‘Our successes are never solely our own’

Thank you, President Watkins, faculty, fellow classmates and distinguished guests.

I moved to the states from Japan when I was 17, and whenever people ask me why, I tell them very candidly, “Because I wanted to be the first in my family to graduate from college—and I wanted to be a Disney Princess.” At least one of those dreams stuck.

College had never been an option for any of my older siblings, and it certainly had never been an option for me. I remember being seven and homeless, living out of a bulky cargo van with my parents and 11 siblings and just wanting to “go home” without any real sense of what “home” meant. Homework was a little difficult to do without the “home” aspect, and paying for rice was a little more of a priority than paying for tuition.

But I wanted it. I didn’t really know what college was. I’d read blogs. I’d seen movies. I’d heard about finals, and if that didn’t scare me, nothing was going to. So, I scraped and saved, and at 17, moved to the states with a grand, whopping total of $500 in my shoe. No, not in my pocket and, yes, in my shoe.

And I thought to myself, “I have moved to a country I’ve only seen in movies, with $500 in my shoe, and I am all alone in this. I have made a very large mistake.”

But $500 was not enough to buy a ticket back to Japan, and if this was a mistake, I was at least going to make it the biggest mistake I ever made. And, embracing the potentiality of mistakes is a beautiful thing. Even if you’ve turned every wrong corner and driven off into a ravine with a car, that in 2019, cannot fly yet (despite what “Back to the Future” told us)—it’s important to make mistakes because it means you’ve done something. And that is exceptional.

So, I got my GED, I passed the ACT, I joined my first semester and bawled every Monday and Wednesday after Math 1010. With my limited education, I was thoroughly confused as to why—in college—equations had alphabetical letters mixed in with the numbers. I turned in zero homework because I had no idea what “turning in homework” meant. I got a D on my first test. I had no money for a car, so I walked an hour to and from school every day. I began working two full-time jobs on top of full-time school. I ran out of fingernails to chew. And the worst part of all this was that, because I was the first of my family and friends to do this, I felt like I had no one to turn to. So again, I thought to myself, “I am alone in this.”

And then I thought, “But that is not going to stop me.”

If I believe anything in life, I believe that hard work is everything. I do not consider myself a very intelligent person, but I will work as hard as I need to in order to get a job done right. I finished that semester with two As and two Bs. I finished the next semester with three As and a B+. I finished the semester after that with four As, and that’s when I finally thought, “You know what? I can do this.”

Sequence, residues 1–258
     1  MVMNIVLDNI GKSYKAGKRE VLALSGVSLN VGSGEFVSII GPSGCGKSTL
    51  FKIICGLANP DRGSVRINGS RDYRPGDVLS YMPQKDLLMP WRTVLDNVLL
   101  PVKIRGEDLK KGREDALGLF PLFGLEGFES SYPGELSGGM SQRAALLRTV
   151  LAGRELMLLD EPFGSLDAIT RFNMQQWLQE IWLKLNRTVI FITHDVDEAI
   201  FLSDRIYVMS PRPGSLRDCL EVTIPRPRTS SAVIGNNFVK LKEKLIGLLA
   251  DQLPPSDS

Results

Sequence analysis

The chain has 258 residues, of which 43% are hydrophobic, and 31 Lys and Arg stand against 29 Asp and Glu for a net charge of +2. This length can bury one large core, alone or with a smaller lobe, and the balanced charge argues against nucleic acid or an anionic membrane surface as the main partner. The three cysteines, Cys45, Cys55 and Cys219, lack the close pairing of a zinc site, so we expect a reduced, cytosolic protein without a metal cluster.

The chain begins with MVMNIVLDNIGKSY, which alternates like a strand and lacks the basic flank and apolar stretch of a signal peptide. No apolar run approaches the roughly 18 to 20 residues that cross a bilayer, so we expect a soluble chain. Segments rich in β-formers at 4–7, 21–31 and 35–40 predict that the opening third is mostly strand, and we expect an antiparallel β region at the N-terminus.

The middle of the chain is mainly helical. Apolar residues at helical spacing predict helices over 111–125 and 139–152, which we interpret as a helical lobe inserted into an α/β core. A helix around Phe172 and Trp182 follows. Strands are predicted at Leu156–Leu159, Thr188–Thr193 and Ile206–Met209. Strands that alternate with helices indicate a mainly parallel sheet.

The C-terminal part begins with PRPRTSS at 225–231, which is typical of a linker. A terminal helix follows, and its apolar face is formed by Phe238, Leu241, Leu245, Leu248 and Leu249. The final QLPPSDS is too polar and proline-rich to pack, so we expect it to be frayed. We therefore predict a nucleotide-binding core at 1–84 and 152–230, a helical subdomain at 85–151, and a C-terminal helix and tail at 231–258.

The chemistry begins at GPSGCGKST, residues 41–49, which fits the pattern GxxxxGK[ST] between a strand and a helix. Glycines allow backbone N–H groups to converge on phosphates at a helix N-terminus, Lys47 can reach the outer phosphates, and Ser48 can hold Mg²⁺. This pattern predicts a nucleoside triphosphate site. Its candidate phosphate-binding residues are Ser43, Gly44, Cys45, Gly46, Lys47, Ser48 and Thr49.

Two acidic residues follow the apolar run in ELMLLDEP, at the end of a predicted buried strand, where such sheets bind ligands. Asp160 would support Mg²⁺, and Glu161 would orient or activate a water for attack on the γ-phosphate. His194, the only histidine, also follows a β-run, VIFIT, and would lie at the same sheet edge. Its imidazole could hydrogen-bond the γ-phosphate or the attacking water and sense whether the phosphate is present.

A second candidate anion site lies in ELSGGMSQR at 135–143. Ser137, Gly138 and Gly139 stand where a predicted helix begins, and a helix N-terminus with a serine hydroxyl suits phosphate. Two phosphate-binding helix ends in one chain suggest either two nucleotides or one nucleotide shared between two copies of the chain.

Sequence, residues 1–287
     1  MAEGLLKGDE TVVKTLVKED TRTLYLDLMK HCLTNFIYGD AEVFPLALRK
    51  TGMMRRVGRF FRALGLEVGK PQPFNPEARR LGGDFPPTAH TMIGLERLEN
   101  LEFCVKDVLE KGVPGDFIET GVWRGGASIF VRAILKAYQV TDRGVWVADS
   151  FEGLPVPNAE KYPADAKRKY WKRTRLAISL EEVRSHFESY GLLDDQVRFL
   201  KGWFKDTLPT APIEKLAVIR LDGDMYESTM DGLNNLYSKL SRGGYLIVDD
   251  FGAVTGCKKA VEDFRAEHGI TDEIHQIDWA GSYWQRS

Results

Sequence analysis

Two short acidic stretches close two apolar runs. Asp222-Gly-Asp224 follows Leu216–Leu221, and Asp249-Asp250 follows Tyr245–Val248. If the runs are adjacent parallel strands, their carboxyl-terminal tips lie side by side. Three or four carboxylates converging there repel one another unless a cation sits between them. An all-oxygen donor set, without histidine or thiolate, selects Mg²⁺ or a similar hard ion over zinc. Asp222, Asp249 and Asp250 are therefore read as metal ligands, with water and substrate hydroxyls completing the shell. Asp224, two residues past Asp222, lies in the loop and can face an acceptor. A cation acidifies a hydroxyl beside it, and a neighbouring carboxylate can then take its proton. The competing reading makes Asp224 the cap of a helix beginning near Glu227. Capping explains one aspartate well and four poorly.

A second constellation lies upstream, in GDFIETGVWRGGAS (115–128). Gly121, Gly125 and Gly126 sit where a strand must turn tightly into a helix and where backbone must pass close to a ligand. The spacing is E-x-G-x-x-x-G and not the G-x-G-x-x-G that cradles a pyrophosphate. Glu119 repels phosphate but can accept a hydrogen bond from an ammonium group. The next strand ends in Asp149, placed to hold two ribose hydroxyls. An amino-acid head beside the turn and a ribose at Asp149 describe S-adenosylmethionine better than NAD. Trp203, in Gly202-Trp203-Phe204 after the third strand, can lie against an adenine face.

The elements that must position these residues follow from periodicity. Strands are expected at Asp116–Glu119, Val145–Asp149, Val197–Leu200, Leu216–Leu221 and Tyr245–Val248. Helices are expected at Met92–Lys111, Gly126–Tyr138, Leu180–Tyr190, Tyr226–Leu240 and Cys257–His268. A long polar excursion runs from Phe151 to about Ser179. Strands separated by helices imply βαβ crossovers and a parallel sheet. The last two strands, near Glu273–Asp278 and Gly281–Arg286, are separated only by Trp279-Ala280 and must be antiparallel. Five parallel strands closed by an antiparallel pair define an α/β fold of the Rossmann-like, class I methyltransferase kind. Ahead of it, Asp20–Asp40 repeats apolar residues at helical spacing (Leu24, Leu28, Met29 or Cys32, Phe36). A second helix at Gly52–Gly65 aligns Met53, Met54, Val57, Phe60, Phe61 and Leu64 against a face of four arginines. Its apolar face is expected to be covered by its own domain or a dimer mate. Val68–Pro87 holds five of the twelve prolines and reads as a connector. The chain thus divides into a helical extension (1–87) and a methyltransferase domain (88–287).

And I did. Standing here now, I think to myself, “Alisa, you did it. Despite everything—all the hardships and the intermediate algebra, and the advanced algebra and the 500 other classes that use algebra—even though you were all alone, you did it.”

And then I stop. And I correct myself, “We did it.”

Because when I look back at the road that led me here—to this day—it’s paved with lamplights. And, not because I lit them, and not because I put them there, but because, from the beginning of that dark road, I have had people who have kept their arms high and their grips tight on those lamplights for me, lighting the way so I wouldn’t stumble.

  • My parents: Who taught me to take chances unapologetically.
  • My sisters: Who fought for my opportunities when no one else would.
  • My career advisor and sponsors: Who guided me when I couldn’t afford tuition.
  • My teachers: Who molded me.
  • Their TAs: Who tolerated me.
  • My classmates: Who kept me sane.
  • My friends: Who kept me humble.
  • The students and faculty I never met, who together, created this beautiful, exquisite, loving community that we call the University of Utah, and that I call home.

And that means the world to me—to be able to call a place “home.”

Because, when we think we are alone, that’s never true. If you remember nothing else but this—that’s enough. Our successes are never solely our own—they belong to the people who made our coffee in the morning, the people who helped us make our first resume and the people who stuck by our side even when we sobbed all the way through the last scene in “Toy Story 3.” And, you must remember that. I know I always will.

Remember to always be kind and to never underestimate the power you possess to be a light in the darkness. Remember to breathe. Remember, we have a duty to the people who have held our hand to prove to the universe that we are alive. And remember that we have fought for a place in this world, and we have made it, and we deserve to be here.

Congratulations, Class of 2019.